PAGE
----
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World Environment Day – How does your diet affect the planet?

An excerpt from chapter 13, ‘Considerations for planetary health’ in ‘Eating Plant-Based’ written by Dr Shireen Kassam and Dr Zahra Kassam.

Greenhouse gases and climate change

The global food system is a direct driver of three inter-related global crises: nutrition, climate and ecological. But what impact will your diet choices make on planetary health?

Scientists warn that without a drastic change to our food system, we will not be able to keep within these temperature limits and that dietary change is the most important approach to meeting these climate-change targets. Half of the world’s habitable land is used for agriculture with more than 80% of farmland globally used for meat and dairy farming. Even though estimates vary, the food system is responsible for over a quarter, if not a third, of the world’s GHG emissions and the production of and consumptions of meat, diary and effs accounts for more than 60% of these emissions.

It’s not just the carbon emissions from animal agriculture which are problematic but also methane produced by wetland rice systems and ruminant animals, and nitrous oxide from fertiliser and manure. With global warming approaching levels associated with irreversible and catastrophic consequences, the United Nations had made it clear: we have to address methane emissions now.

What would be the impact of adopting a plant-based diet?

There is a vast inefficiency in the current food system when you consider that animal farming produces only 18% of the calories and 37% of the protein consumed globally while using over 80% of the farmland. If we were all to transition to eating a meat-rich diet typical of the 20 most industrialised countries, we would need seven planets to produce enough food.

If we all adopted a 100% plant-based or vegan diet we could reduce the land used for food production by 76% and GHG emissions from the food system by up to 50%. The terrible impact of climate change and ecosystem destruction on our planetary life support systems has led to an unprecedented existential threat to the survival of the human species. Yet one major solution is clear and in our collective control: a global shift to a plant-based food system.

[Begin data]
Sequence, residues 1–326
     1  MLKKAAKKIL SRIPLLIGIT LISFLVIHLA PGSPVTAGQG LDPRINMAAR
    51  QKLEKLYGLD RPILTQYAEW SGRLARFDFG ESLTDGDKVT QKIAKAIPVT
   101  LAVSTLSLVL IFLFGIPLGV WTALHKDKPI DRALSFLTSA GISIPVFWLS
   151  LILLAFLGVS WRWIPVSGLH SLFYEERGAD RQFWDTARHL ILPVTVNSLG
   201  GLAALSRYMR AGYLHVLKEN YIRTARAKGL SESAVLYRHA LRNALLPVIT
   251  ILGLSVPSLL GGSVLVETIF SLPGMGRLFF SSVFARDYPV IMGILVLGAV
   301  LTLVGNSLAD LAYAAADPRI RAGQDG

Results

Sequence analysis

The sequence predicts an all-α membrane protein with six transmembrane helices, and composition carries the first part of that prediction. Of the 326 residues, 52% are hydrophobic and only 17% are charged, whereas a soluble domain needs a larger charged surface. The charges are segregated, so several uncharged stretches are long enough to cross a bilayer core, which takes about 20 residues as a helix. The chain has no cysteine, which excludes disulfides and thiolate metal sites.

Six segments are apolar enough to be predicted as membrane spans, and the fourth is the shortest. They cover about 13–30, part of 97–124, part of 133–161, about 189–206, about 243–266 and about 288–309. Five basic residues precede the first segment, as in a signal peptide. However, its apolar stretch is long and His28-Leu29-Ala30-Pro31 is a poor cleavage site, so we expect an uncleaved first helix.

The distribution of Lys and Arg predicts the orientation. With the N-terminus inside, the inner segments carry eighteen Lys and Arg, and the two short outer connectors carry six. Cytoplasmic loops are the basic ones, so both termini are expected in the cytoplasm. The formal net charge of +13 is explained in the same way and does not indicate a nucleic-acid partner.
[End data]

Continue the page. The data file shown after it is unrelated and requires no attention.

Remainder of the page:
Surely, if we don’t eat meat then world hunger will increase?

One in nine people on this planet suffer from hunger, yet we produce enough food to feed at least 10 billion people. Independent analysis suggests that the true figure for those suffering from hunger may in fact be much higher than the official UN figures and that around two billion people remain hungry. The trouble is that our food system is inefficient and wasteful. For example, 41% of crops grown globally that could be eaten by humans are fed to farmed animals, however, animal-based foods only provide 18% of global calories and 37% of protein.

World hunger could be eradicated if we just used food crops for humans rather than animals. These figures do not even take into consideration food waste. One-third of food produced for human consumption is wasted somewhere along the supply chain, amounting to about 1.3 billion tons per year. More than 50% of this waste in Europe and North America occurs in our own homes, with animal derived foods spoiling and this being wasted more often.

The growing demand for meat is not only contributing to environmental destruction but is also compounding world hunger. Yet modelling studies show that replacing beef, pork, diary, poultry and eggs with plant-based foods would allow a 2-to-20-fold increase in the production of nutritionally similar plant foods, with removal of beef, dairy and pork, having a greater impact than removing poultry and eggs. For the US alone, it is estimated that  a fully plant-based food system could therefore feed an extra 350 million people.


If you found this excerpt interesting, you can order via our website, or read the first chapter for free here.


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